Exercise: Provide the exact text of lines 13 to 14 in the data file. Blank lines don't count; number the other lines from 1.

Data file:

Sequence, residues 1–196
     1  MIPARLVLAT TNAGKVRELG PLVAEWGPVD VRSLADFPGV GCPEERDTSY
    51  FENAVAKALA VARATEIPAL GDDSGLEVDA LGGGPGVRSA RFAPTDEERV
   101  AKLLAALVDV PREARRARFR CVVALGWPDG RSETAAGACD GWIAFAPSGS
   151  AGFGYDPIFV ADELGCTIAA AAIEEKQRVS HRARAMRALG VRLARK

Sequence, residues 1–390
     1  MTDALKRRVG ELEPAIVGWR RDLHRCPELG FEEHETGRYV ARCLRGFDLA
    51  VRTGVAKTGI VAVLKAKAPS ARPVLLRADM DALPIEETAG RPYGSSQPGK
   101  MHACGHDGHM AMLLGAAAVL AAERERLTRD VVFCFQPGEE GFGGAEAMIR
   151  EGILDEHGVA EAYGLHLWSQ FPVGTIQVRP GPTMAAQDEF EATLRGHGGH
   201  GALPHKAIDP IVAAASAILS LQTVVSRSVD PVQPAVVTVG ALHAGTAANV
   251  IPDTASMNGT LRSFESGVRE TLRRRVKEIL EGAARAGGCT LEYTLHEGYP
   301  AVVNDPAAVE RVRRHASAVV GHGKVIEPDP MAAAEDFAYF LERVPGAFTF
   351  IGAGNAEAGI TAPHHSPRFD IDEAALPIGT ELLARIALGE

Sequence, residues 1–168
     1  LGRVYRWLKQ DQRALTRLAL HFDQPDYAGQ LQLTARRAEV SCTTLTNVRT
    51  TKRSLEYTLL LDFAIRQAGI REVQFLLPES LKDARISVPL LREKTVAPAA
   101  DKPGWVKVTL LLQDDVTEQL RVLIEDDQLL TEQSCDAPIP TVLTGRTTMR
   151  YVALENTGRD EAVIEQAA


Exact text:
   301  AVVNDPAAVE RVRRHASAVV GHGKVIEPDP MAAAEDFAYF LERVPGAFTF
   351  IGAGNAEAGI TAPHHSPRFD IDEAALPIGT ELLARIALGE